LIVING IN A NURSING HOME: A Complete Guide for Residents, Their Families and Friends by Sarah Greene & Martha D'Erasmo Burger

LIVING IN A NURSING HOME: A Complete Guide for Residents, Their Families and Friends

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Certainly not a complete guide in that the two most stressful elements are hardly touched upon: specific dollars-and-cents costs and the emotional traumas endured by patients and families. Thus, ""Cold Facts"" covers Medicare, Medicaid, and other financial aids and resources but the coldest fact of all--the range of rates--is absent. As to the difficult entrance of a patient who may not want to go--who questions ""why he has to be there""--the authors advise honest, reassuring discussion, but do not consider in any depth the dilemma of the family which is also not sure ""he has to be there."" However, the authors do offer a realistic, knowledgeable view of the procedures and problems of a ""good"" nursing home and emphasize things to look for in selection--from physical facilities and staff to such minor but telling clues as odor and noise. They give useful information on how to deal with medical and other personnel, equipment, and contractual arrangements. The prospect is frankly grim: most nursing home residents go there to die in the institution. Despite the gauche style and some meaningless statistics (""Residents over the age of 85 have an average of 3.8 chronic conditions per person""), this can be marginally useful as a sober picture of the best that competent, well-meaning nursing home operators are able, at this time, to achieve. (Keep in mind, however, the excellent treatment of the subject in the Silverstone-Hyman You and Your Aging Parent, p. 1024.)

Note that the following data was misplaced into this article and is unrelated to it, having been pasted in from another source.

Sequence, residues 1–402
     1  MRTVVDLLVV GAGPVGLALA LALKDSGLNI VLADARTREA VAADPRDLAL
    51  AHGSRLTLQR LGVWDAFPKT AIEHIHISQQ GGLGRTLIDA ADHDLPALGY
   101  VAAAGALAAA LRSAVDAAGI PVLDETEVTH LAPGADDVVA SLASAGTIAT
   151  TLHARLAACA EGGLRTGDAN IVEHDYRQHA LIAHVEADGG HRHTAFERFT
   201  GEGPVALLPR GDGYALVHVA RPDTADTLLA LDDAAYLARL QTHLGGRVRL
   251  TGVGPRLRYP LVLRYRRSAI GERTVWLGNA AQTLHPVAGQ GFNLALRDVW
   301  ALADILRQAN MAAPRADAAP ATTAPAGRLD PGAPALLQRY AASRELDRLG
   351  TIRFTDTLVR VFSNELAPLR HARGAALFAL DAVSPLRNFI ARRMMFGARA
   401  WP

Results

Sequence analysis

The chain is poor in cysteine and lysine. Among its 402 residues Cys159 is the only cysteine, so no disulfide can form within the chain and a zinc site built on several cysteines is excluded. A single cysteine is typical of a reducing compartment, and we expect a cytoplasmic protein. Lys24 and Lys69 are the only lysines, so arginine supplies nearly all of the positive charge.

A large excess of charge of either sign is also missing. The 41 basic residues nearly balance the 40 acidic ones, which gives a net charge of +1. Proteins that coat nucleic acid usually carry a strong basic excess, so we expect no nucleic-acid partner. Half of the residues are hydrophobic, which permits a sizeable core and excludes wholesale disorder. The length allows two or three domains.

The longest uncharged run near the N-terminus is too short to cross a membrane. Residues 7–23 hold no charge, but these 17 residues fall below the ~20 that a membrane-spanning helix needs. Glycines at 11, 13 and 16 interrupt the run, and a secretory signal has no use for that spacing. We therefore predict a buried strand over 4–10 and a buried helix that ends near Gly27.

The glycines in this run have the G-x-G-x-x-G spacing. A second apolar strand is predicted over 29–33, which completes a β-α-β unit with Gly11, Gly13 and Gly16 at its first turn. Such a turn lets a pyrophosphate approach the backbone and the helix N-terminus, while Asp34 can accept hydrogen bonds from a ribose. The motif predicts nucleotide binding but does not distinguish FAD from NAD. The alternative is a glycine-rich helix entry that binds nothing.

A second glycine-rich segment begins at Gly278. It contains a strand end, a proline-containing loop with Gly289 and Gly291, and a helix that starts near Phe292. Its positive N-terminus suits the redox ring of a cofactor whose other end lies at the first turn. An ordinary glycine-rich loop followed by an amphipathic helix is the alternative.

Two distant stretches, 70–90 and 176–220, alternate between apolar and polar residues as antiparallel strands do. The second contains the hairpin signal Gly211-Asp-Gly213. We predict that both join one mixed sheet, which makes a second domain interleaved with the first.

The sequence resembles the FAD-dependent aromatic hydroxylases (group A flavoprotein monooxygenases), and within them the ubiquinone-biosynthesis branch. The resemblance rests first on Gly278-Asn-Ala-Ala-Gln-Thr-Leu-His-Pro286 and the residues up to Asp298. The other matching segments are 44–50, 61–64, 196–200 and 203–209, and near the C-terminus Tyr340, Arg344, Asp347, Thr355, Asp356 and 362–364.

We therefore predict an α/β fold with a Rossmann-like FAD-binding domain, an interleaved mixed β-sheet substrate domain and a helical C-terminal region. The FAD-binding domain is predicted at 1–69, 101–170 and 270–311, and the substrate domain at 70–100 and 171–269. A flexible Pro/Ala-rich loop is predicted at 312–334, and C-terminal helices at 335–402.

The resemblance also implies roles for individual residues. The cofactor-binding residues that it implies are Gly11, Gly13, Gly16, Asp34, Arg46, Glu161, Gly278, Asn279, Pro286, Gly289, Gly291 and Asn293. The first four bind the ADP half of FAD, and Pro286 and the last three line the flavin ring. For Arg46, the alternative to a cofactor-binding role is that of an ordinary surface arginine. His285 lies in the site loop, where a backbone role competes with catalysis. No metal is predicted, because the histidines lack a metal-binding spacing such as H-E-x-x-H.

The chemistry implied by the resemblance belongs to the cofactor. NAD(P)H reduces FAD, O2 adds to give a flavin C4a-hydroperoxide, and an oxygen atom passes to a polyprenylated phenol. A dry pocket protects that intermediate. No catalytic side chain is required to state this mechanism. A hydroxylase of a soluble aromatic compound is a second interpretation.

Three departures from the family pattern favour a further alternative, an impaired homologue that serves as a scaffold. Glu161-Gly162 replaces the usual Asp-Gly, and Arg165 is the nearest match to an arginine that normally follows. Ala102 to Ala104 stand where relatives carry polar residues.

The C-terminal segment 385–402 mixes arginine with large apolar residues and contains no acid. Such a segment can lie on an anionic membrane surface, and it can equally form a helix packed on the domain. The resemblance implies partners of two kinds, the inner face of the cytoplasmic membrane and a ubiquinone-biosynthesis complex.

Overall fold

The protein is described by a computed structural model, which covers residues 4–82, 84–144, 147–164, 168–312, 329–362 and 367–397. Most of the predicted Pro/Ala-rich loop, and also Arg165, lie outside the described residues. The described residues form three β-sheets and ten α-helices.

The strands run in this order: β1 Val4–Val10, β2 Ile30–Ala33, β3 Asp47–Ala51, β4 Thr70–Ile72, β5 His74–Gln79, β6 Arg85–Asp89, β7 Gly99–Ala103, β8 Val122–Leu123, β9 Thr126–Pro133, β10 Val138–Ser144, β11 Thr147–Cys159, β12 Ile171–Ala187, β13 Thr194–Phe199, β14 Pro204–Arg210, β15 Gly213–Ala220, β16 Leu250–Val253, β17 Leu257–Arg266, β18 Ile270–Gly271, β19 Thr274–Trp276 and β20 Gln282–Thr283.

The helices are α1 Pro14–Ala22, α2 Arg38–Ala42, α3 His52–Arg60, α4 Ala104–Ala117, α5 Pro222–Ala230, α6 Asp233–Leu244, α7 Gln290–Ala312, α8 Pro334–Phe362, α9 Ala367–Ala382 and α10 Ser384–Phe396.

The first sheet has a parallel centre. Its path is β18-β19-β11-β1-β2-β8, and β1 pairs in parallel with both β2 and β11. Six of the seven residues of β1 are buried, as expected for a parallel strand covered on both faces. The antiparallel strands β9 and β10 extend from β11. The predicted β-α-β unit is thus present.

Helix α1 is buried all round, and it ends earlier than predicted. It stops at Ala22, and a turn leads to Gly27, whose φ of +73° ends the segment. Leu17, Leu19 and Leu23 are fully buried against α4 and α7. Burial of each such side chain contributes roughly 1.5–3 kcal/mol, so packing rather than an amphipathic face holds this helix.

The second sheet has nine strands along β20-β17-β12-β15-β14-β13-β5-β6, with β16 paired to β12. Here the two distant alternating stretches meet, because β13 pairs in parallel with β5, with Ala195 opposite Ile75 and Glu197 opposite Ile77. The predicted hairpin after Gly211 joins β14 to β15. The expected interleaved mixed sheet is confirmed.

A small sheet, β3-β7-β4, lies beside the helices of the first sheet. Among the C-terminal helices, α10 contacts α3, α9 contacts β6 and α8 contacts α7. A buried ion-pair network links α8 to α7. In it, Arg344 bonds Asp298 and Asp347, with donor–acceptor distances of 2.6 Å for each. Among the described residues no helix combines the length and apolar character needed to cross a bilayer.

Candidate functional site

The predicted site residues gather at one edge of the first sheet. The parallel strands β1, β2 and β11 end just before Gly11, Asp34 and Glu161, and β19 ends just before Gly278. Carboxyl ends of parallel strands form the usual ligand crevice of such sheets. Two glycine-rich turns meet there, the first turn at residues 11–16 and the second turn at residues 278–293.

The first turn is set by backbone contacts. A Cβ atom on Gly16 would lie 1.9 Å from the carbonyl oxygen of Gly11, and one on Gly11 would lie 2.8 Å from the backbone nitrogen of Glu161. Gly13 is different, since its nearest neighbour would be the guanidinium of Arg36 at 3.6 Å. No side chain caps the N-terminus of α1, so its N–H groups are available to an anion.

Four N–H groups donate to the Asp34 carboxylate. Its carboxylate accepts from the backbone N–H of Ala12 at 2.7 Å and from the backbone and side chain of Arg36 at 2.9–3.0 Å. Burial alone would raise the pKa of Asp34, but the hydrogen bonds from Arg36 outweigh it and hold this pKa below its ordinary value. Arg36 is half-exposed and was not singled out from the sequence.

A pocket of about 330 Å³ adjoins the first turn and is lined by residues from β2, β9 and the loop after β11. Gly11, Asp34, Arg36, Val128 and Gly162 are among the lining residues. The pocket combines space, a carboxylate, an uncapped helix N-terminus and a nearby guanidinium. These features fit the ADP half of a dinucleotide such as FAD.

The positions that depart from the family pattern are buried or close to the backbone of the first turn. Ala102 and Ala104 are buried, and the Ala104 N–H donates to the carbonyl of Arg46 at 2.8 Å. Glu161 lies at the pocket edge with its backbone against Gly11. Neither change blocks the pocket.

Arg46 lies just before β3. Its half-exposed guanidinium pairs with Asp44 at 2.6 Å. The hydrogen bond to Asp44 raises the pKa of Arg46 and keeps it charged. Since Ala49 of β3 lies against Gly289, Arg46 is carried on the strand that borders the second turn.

Pub Date: Nov. 1st, 1976
Publisher: Seabury